In Dish, Texas, Mayor Calvin Tillman reports that air pollution from drilling has ruined the quality of life for residents. They report problems with nausea, headaches, breathing difficulties, chronic eye and throat irritation and brain disorders.  Results from a study by an environmental firm hired by the town and the Texas Railroad Commission found high levels of multiple chemicals used in fracking fluid, including benzene, toluene and xylene arsenic, barium, chromium, lead and selenium in residential water wells. Given the absence of such symptoms prior to drilling and with no other reasonable source of contamination identified, these findings point to inadequate containment of drilling associated toxins, resulting in correlated adverse health effects.

A recent study from Duke University confirms one plausible mechanism for exposure and adverse health effects related to drilling by demonstrating a significant increase of methane levels in the water supplies of communities near drilling sites. It is incumbent on our elected officials not to ignore this and other strong and compelling evidence and instead to use it to protect us from the dire consequences of unsafe gas drilling using hydrofracking. We cannot proceed blindly, compromising the quality of our water, air, and soils and significantly and negatively impact the health of our citizens for decades.

Prepared by Catskill Mountainkeeper,; [email protected]; 845 482-5400

Unbossed: Monday, June 12, 2006
Oil and Gas Drilling May Be Killing You – Part II

“My daughter, who was two years old at the time of the hydraulic fracturing would vomit every night when she would get out of the bath tub upon going to bed…”

- Thomas McKenzie, Repton, Alabama

So, you think that natural gas is a ‘clean fuel’? Well, think again. In fact, it may be killing you right now.

This morning I described the different points of air, soil and water contamination that occur during drilling and production. I also discussed some of the toxins associated with the natural gas industry and the effects they have on the human body. In Part II, we will look at the actual, on the ground impacts many families are encountering at the hands of this unregulated industry.

As natural gas drilling explodes around the western United States, very few people seem to be asking: what are the potential public health issues associated with this new form of industrialization? Will this industry result in a host of multi-generational diseases and health afflictions unparallel in American history? Click here to read the full story.

This story first appeared on ProPublica.

Natural Gas Drilling Rig Kills Cattle

16 cattle drop dead after apparently drinking from a mysterious fluid adjacent to a natural gas drilling rig.

—By Abrahm Lustgarten

ProPublica has been reporting for months about how natural gas drilling is affecting the environment, but of all the causes for concern we’ve reported, here’s a doozy.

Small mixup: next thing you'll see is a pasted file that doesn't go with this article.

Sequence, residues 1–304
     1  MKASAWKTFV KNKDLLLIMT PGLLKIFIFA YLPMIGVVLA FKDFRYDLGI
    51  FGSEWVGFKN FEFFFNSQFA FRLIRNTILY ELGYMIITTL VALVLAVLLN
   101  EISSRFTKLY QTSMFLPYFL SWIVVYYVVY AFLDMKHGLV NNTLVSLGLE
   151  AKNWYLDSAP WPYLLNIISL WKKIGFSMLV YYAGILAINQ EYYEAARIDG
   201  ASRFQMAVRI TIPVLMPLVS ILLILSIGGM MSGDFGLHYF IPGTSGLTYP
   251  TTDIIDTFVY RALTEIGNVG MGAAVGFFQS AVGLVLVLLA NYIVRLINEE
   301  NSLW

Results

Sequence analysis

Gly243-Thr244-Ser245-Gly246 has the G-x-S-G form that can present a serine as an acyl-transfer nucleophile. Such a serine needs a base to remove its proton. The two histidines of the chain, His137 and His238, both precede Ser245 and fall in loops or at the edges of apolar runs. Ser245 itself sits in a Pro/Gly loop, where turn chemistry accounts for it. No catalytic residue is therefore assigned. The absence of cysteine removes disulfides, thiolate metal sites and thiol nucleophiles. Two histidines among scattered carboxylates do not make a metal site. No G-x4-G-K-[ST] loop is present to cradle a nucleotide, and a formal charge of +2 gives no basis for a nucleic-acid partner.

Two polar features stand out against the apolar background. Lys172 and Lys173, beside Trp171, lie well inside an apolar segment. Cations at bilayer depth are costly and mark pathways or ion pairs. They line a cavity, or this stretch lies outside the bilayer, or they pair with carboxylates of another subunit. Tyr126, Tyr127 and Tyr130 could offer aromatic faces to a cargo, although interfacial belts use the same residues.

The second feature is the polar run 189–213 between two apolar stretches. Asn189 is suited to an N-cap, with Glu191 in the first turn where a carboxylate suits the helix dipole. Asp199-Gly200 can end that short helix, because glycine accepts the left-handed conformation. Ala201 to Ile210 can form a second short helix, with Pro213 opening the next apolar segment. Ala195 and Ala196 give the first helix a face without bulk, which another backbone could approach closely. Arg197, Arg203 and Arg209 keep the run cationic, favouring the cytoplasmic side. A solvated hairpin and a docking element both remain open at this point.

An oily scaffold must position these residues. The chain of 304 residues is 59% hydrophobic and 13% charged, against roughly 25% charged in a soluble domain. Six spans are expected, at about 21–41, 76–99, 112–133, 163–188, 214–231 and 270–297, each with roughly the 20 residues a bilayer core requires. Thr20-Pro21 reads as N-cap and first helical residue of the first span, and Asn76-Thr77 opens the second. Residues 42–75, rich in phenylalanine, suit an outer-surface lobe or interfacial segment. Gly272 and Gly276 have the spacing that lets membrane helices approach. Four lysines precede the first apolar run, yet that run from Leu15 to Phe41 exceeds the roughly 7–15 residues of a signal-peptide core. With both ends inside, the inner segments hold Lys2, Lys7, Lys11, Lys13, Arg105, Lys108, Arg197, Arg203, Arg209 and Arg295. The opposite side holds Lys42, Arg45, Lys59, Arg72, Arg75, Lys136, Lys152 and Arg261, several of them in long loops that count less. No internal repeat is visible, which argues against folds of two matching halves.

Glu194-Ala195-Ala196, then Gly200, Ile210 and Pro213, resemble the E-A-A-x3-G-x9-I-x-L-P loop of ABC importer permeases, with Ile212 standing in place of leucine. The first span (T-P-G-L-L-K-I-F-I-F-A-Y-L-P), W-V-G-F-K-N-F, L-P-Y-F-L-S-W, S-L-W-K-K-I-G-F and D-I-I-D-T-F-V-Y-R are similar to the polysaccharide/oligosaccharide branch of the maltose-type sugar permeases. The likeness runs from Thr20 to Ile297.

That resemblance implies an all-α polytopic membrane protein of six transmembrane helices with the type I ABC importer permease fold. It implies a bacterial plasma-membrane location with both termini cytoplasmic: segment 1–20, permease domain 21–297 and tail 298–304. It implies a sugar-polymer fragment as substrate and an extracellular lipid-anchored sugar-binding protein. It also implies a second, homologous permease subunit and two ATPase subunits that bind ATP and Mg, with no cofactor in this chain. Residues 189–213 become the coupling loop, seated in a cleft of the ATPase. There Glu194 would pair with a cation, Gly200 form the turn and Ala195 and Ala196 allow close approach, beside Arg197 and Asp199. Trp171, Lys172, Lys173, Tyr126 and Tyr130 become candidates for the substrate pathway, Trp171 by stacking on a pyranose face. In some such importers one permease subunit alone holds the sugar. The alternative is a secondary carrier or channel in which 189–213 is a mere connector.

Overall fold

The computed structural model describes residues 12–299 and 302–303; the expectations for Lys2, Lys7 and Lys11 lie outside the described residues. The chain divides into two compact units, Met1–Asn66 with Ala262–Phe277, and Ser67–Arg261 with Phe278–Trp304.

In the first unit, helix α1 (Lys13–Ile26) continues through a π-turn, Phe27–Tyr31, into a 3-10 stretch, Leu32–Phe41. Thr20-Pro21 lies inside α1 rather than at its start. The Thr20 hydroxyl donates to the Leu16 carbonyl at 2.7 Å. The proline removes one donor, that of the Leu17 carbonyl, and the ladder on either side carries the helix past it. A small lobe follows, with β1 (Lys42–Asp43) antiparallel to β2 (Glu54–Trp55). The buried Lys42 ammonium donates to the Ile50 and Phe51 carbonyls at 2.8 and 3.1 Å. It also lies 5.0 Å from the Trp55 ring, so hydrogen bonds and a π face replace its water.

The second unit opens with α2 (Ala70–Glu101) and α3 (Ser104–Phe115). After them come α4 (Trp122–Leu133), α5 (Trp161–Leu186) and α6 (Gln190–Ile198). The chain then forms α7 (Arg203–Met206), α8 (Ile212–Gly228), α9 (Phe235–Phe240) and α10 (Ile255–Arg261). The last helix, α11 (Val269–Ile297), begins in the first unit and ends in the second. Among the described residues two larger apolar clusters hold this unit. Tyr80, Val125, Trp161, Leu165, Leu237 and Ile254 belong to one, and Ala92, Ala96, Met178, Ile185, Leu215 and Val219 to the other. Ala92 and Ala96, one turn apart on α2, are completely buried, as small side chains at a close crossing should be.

Sixteen cattle dropped dead in a northwestern Louisiana field this week after apparently drinking from a mysterious fluid adjacent to a natural gas drilling rig, according to Louisiana’s Department of Environmental Quality and a report in the Shreveport Times. At least one worker told the newspaper that the fluids, which witnesses described as green and spewing into the air near the drilling derrick, were used for a drilling process called hydraulic fracturing. But the company, Chesapeake Energy, has not identified exactly what chemicals are in those fluids and is insisting to state regulators that no spill occurred.

The problem is that both Chesapeake and its contractor doing the work Schlumberger, say that a lot of these fluids are proprietary, said Otis Randle, regional manager for the DEQ. "It can be an obstacle, but we try to be fair to everybody," he said. "We try to remember that the products they use are theirs and they need them to make a living." 

July 30, 2008

"It felt like an appendicitis attack."

The family, which is poor enough to qualify for government food stamps, began buying bottled water for drinking and cooking. Their illnesses finally ended, and Farnelli found something to blame: natural gas drilling in the township of 1,400 people.

Dimock, in a former coal mining region that was economically struggling even before the recession, is one of hundreds of sites in Pennsylvania where energy companies are now racing to tap the massive Marcellus Shale natural gas formation.  Click here to read the full story.


Water worries Threaten U.S. Push for Natural Gas

By Jon Hurdle

PAVILLION, Wyoming (Reuters) – Louis Meeks, a burly 59-year-old alfalfa farmer, fills a metal trough with water from his well and watches an oily sheen form on the surface which gives off a faint odor of paint.

He points to small bubbles that appear in the water, and a thin ring of foam around the edge.